Is Small the New Big

Our common view of real estate development is that it occurs in big, expensive chunks – picture large-scale subdivisions and high-rise towers. That scale of enterprise often seems mysterious and expensive. It’s what we imagine the word “developer” to mean.

But there’s another reality to development that is often not discussed or simply overlooked – the small-scale, building-by-building improvements that make up where most of us live and work. Someone builds or renovates a home, a duplex, a quadplex or a small commercial building. That is essentially the definition of incremental development: city-building in small steps. The owner might be your neighbor, a relative or a local investor. Could it be you?

Incremental development is a way for anyone and everyone to get involved in building and improving their neighborhood. In an incremental approach, no project is too small and because of that, neighborhoods can evolve in a natural, community-led way. Incremental development actually helps neighborhoods become stronger with time by allowing them to mature gradually instead of locking them into boom-and-bust cycles that are common with larger developments.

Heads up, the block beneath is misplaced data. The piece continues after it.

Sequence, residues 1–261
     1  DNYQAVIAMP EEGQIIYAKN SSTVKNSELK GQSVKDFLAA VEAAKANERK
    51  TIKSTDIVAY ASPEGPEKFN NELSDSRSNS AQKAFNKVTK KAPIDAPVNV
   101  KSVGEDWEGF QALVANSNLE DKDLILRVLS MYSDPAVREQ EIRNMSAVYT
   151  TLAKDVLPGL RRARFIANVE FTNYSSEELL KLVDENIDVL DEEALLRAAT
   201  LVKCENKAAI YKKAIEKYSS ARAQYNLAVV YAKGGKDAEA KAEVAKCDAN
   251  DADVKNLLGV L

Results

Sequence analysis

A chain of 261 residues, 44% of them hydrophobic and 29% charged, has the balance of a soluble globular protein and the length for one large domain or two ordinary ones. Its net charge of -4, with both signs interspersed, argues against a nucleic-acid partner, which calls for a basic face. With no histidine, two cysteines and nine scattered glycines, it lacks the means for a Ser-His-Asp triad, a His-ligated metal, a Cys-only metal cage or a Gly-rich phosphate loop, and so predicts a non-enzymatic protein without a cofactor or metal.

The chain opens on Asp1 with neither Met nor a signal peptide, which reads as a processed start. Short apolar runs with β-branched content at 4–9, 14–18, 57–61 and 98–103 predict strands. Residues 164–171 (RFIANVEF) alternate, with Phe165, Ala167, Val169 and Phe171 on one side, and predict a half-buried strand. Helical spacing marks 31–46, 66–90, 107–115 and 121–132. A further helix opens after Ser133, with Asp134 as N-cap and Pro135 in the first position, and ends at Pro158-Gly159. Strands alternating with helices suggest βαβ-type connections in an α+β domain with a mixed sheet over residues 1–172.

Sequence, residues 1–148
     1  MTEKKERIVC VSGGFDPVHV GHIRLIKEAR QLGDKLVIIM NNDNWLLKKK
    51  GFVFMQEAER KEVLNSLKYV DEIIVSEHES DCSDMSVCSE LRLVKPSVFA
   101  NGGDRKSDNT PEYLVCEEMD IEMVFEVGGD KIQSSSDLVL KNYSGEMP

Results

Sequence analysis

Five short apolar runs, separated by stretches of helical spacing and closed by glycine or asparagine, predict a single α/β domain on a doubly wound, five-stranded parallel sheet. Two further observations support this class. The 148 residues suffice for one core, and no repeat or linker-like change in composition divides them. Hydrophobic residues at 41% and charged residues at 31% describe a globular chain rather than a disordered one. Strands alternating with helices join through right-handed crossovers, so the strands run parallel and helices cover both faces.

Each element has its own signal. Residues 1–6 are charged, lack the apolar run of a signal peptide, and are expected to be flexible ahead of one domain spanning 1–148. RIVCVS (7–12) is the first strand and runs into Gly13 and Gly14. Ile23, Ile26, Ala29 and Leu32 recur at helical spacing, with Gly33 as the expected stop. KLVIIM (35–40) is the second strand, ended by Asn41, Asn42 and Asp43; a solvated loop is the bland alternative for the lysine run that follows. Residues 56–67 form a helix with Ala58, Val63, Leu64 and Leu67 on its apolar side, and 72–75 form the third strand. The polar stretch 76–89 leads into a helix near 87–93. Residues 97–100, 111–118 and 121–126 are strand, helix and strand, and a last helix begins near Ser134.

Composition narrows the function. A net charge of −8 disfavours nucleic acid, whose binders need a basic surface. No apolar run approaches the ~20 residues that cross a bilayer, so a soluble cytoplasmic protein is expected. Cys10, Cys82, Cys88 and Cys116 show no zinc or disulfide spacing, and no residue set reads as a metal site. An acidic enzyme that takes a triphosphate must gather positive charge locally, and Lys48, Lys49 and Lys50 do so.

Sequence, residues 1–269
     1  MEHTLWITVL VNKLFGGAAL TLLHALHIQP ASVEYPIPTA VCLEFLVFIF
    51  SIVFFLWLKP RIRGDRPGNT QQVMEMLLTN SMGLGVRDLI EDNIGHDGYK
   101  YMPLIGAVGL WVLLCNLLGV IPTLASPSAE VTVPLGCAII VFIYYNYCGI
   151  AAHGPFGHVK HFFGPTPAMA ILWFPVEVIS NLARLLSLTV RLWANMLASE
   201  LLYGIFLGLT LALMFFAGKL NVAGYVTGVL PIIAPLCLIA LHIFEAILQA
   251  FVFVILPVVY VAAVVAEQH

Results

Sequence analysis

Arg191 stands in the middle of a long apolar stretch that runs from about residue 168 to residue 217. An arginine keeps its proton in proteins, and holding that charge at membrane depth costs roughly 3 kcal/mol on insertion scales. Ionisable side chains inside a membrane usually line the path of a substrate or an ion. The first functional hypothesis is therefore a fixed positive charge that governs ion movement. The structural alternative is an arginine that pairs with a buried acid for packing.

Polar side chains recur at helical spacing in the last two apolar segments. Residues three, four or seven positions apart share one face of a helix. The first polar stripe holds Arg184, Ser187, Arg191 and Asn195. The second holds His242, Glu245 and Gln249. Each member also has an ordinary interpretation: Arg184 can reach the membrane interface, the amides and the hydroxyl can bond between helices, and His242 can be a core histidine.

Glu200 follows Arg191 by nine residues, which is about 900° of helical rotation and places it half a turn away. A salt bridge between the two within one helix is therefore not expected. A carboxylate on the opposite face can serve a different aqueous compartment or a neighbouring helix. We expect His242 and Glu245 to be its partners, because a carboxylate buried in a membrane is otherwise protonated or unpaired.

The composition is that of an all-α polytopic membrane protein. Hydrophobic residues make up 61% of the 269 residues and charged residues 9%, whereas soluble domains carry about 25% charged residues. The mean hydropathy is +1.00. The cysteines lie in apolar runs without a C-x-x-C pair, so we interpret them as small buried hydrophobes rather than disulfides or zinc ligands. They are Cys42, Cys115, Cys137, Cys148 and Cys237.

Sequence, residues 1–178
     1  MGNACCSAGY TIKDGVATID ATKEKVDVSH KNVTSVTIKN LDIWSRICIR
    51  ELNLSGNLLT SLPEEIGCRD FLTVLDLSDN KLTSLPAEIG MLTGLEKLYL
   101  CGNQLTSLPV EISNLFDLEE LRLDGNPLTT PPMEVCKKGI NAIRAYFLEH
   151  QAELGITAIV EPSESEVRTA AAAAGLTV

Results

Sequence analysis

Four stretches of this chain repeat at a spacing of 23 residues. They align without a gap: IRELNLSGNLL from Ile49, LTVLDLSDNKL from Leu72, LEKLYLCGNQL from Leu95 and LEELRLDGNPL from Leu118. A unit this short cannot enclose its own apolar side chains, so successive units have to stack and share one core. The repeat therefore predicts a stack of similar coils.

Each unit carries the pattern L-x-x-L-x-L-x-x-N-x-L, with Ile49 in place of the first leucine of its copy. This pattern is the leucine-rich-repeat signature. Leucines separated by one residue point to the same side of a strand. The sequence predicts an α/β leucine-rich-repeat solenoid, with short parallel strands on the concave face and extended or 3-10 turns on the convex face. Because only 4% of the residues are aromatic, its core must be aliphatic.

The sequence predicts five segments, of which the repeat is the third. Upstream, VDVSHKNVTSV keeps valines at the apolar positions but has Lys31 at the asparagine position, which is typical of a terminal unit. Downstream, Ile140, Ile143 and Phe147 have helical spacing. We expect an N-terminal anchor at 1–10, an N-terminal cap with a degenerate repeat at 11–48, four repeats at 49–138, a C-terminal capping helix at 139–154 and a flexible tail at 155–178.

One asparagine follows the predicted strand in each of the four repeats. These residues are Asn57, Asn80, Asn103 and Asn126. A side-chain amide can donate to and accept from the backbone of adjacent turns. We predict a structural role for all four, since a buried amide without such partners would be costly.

Through this incremental, open-access approach to development, by slowly adding to neighborhoods we’re adding new energy and activity, helping reveal or “polish” the core value of the existing fabric. “Small” is often the seed that leads to transformation of and reinvestment in neighborhoods that may be considered undesirable.

Savannah Development and Renewal Authority partnered with the Incremental Development Alliance as well as The Georgia Conservancy and Historic Savannah Foundation to present the Small Real Estate Development Workshop on January 11, 2017.

The one-day workshop introduced the principles and implementation mechanisms behind neighborhood-based development projects. It offered specialized training about how to create small projects, like 1-3 story buildings with less than 20 units, which are residential, commercial or mixed use. Presenters at the workshop included developer, Monte Anderson who has spent years “in the trenches” finding ways to redevelop his community into a place where people want to live and work. Workshops like these are the first step to becoming a small developer yourself or creating a supportive ecosystem for small development in Savannah. If you’re interested in attending a future workshop, please email us and let us know.